As I reflect on the race, I've come to realize that these big rides are really personal, what you get out of it is really for yourself. Throughout the duration of the race, you've been through so much hardship, and challenge, yet you are the one that continues to want to put yourself back in that situation. It's the same concept when people say or have the idea that your must love to suffer, but we are not suffering. Suffering is something that happens to you that you cannot control. If you are engaging in a bike race or challenging ride, you are the one that is making that decision to participate, you need to own it, be a part of it, and embrace the uncertainty ahead. As I re-enter a more constant day-to-day way of living, I look forward to maintaining the memories and life lessons learned while ultra bike-pack racing.
 Single track is a type of biking trail that is narrow and approximately the width of the bike
 A Bivy is short for “Bivouac sack”. A bivy is a temporary lightweight structure designed to provide emergency weather protection for sleeping bags (i.e., a thin waterproof liner that goes around you and your sleeping bag)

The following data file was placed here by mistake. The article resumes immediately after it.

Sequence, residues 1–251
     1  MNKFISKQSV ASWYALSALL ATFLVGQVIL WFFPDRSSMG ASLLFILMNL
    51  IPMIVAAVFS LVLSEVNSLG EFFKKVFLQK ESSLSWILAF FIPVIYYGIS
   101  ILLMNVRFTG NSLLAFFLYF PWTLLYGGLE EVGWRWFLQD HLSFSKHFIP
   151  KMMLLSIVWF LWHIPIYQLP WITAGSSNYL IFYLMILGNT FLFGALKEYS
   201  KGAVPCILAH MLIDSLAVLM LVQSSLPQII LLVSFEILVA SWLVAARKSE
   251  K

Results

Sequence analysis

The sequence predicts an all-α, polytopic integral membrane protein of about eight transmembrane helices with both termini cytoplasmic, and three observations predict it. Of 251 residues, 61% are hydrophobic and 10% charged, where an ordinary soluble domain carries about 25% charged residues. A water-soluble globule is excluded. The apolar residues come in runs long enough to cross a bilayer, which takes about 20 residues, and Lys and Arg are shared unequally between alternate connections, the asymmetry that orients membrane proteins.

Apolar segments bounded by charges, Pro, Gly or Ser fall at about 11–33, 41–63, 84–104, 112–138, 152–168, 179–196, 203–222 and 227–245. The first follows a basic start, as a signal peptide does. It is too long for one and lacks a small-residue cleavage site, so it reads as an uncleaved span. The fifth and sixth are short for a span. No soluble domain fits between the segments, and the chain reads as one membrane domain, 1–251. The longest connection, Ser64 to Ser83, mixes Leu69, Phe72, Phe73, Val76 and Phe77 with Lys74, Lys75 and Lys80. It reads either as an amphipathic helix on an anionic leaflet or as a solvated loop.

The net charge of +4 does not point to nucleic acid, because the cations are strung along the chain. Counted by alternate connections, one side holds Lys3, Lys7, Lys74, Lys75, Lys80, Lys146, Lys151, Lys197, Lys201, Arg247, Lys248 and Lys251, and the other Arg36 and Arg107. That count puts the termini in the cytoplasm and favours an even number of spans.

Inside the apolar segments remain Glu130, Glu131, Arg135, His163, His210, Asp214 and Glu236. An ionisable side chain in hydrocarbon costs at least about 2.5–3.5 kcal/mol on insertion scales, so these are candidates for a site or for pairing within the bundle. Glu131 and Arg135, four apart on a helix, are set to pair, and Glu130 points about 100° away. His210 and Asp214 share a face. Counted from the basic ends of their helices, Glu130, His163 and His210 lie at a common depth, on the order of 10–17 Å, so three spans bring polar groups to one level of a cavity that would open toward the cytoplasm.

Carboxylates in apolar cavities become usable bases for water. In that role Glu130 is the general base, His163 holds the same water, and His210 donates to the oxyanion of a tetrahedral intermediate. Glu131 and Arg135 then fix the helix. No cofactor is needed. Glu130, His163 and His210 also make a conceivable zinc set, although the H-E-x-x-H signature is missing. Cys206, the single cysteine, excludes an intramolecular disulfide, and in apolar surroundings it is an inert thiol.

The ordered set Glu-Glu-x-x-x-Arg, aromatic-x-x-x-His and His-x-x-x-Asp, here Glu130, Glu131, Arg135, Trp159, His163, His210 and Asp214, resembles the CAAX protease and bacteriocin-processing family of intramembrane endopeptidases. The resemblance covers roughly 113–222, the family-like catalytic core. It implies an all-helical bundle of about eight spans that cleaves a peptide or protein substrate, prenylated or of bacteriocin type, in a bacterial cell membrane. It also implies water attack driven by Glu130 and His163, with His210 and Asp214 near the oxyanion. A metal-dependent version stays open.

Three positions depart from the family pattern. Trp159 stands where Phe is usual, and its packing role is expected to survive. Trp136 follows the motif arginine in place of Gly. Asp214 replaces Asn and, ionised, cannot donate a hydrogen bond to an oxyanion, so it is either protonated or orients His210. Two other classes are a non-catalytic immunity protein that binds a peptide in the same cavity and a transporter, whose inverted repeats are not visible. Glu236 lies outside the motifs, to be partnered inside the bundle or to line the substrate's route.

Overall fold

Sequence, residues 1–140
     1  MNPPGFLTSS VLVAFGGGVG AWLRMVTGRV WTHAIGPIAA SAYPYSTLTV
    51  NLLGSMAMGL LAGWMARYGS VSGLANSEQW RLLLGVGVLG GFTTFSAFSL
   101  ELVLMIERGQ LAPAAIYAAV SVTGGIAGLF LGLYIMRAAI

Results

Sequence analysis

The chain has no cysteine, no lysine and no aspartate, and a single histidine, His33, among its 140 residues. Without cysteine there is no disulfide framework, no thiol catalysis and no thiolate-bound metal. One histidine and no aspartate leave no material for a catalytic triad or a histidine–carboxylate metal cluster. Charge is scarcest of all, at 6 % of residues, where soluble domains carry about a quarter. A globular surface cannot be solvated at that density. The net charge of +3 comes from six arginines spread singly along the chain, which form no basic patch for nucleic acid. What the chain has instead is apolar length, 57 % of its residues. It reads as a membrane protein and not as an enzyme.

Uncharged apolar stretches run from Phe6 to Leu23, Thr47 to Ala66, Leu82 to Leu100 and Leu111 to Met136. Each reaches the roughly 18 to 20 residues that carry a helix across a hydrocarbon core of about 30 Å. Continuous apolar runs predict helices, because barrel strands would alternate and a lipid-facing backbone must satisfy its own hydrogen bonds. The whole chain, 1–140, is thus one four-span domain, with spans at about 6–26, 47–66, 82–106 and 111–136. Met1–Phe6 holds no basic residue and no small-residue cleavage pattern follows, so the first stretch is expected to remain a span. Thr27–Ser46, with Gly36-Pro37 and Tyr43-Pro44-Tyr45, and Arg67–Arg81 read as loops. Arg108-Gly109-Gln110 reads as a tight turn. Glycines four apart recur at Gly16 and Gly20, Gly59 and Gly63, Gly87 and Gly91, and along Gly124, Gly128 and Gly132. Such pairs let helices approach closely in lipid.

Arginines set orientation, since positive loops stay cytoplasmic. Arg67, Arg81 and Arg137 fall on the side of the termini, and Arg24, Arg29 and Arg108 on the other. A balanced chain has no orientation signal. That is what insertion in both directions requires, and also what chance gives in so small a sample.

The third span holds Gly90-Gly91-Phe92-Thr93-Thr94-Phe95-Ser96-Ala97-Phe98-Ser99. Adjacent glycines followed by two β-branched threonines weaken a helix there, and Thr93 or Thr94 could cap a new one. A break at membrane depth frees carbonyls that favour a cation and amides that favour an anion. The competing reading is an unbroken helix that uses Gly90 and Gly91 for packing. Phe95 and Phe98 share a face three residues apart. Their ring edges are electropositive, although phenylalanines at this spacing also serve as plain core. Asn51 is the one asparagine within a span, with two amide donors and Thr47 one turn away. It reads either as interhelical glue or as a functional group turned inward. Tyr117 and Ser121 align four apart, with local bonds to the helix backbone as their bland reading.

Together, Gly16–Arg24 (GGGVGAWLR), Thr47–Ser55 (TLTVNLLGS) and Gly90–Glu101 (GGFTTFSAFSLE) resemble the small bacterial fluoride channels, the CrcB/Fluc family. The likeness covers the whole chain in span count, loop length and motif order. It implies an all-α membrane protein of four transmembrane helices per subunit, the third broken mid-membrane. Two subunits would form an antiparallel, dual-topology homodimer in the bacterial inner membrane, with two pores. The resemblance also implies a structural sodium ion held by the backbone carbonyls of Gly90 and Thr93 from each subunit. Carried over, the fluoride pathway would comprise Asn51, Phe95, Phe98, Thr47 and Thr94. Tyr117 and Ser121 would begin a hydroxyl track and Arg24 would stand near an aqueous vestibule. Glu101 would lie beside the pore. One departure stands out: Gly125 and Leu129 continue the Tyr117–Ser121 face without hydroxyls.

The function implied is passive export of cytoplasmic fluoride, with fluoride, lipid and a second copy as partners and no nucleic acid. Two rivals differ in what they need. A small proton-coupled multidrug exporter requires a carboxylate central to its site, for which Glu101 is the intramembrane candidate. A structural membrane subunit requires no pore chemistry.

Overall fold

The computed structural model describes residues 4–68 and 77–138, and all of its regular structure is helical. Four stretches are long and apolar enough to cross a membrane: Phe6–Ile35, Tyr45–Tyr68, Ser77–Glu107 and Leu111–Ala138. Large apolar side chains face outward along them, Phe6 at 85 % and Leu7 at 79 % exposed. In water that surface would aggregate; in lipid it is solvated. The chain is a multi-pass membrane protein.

Photo: 20-minutes prior to starting the race, in Merrit BC
Km into the race: 0
Photo: Fellow rider, Everett, entering the flooded section of the race
Km into the race: 645
Photo: Day 3: Fellow rider, Everett, walking his bike through Grey Creek Pass. Grey Creek Pass is a 1,500 m elevation gain pass in 26.5 km, making it the highest dirt pass in Canada. The 2,100 m pass runs between Kootenay lake on the west and Kimberly to the east through the Kootenay range. As this year’s snowfall was substantial, the summit and higher elevation sections of the pass were still covered in snowfall. Km into the race: 790
Photo(s): Day 3: 150 km’s before the finish line in Cranbrook, BC. This was the last spot to take a break and fuel up prior to finishing the last section of the race in the evening / night and what candid fatigue and exhaustion looks like.
Km into the race: 916
Photo: Day 3: 100 km from the finish line and last section of pavement before entering the final pass from Elko into Fernie.
Km into the race: 966
Photo: Day 3: 1:00 am in the morning, taking a rest to drink some water from a stream prior to continuing to push my bike up the final climb due to my freehub breaking and having no ability to pedal. Km into the race: 1,046